I wish she had spent more time on the more newly discovered forensic evidence, but I guess that is not really her thing. I felt there wasn't too much that was new to me in this account and that it pretty much says - hey, this is what was put about and corroborated at the time. Regardless of the motivation of the writers, it needs to be believed. Get over it. And I kind of agree with her despite my love for the Richard in 'Sunne in Splendor' by Sharon Kay Penman. Especially with the findings of the bodies exactly where More's account said they were initially buried. Hard to refute that.

Anyway, I am not surprised that the princes were killed and it was hushed up. It doesn't seem as scandalous as its made out to be when you put it in context. All kinds of people were beheaded for the slightest infraction including women and teenagers and old ladies. . . Alison Weir does a great job with narrative history and I am always happy to read her accounts; miss the drama of fiction which is the only reason I can't give a higher rating. ( )
  jhowell | May 22, 2022 |
I hesitated between a 3 or 4 star rating on this book and settled with the three. Like others, I felt that in this case that the author went into it with the foregone conclusion that the Princes were killed by their Uncle (Richard III). Although the book was written in 1992, there have been some recent discoveries to challenge that claim and as far as I know no further updates to the book have been made. It was an easy read though and interesting but it was heavily written about why the author feels it was King Richard III and less on the discovery of the bones and forensics involved in their identification which is what I was interested in. ( )
  ChrisCaz | Feb 23, 2021 |
For years, the reading public learned from Shakespeare's Richard III about the murder of 2 young princes. Ms Weir goes on a search for other sources to see what they had to say about what happened to the 2 boys. Her analysis of the documents available avoids reading between the lines. She begins with the murder of Henry VI & ends with Henry VII who discovers the truth but buries it to avoid trouble. Fortunately, she is able to compare the documents & evidence which confirms Richard III conspired to kill the 2 princes & attempted to bury the truth. In 1674, workmen who were repairing the tower discovered the 2 bodies in a chest deep in a hole. Even to this day, the author explains, there are some questions but leaves no doubts that one of the most mysterious disappearance of the 2 princes is indeed an interesting topic. ( )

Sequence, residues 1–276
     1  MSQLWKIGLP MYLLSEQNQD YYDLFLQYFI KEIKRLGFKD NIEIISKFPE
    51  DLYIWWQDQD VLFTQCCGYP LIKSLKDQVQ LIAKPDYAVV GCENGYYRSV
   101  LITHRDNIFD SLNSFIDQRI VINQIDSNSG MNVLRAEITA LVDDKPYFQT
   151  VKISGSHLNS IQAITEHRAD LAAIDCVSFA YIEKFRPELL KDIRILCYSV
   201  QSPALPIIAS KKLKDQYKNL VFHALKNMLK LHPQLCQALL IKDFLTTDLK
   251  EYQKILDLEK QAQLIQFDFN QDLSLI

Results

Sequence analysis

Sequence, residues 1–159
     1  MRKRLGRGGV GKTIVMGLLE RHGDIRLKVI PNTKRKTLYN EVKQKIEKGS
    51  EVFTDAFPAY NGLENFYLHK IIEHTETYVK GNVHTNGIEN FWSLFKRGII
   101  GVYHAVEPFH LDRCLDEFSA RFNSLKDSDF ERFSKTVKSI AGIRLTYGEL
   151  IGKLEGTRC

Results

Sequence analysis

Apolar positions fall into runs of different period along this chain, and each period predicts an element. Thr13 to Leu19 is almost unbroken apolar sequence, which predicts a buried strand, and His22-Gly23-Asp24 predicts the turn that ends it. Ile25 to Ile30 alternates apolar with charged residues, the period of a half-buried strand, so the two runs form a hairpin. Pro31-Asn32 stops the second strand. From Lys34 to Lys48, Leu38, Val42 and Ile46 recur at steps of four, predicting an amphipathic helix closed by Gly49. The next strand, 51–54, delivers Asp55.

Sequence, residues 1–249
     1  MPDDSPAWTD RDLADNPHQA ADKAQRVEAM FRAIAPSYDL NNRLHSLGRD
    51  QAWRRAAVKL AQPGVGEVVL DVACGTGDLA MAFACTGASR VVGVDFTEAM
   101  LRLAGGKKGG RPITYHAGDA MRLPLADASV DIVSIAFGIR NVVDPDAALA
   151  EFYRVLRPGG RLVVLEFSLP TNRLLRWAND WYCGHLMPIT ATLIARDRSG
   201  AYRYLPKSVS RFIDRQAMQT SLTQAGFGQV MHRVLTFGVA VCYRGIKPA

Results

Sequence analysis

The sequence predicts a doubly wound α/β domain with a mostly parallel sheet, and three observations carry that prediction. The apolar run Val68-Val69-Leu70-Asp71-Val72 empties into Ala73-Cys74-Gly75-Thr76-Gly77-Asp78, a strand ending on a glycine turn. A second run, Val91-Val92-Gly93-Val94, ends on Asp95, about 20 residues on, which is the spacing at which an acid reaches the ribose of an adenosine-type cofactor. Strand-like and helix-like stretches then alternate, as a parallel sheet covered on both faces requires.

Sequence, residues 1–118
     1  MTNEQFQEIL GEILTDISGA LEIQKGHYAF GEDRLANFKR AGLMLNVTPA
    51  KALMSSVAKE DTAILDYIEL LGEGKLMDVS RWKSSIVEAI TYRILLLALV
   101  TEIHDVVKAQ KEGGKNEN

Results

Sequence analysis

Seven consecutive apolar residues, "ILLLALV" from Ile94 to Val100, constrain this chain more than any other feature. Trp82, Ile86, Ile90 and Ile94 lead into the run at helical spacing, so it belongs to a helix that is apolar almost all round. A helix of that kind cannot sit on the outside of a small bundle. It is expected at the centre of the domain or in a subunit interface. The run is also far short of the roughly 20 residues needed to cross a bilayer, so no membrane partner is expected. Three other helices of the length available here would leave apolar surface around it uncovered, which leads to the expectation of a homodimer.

walterhistory | Feb 15, 2021 |
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Alison Weirautor principaltodas as ediçõescalculado
Rendell, RuthPrefácioautor secundáriotodas as ediçõesconfirmado
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This book is dedicated to my cousin, Christine Armour, and in loving memory of Joan Barbara Armour
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Modern writers on the subject of the Princes in the Tower have tended to fall into two categories: those who believe Richard III guilty of the murder of the Princes but are afraid to commit themselves to any confident conclusions, and those who would like to see Richard more or less canonised.
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Despite five centuries of investigation by historians, the sinister deaths of the boy king Edward V and his younger brother Richard, Duke of York, remain one of the most fascinating murder mysteries in English history. Did Richard III really kill the young princes, as is commonly believed, or was the murderer someone else entirely? Carefully examining every shred of contemporary evidence as well as the dozens of modern accounts, Weir reconstructs the entire chain of events leading to the double murder to arrive at a conclusion Sherlock Holmes himself could not dispute.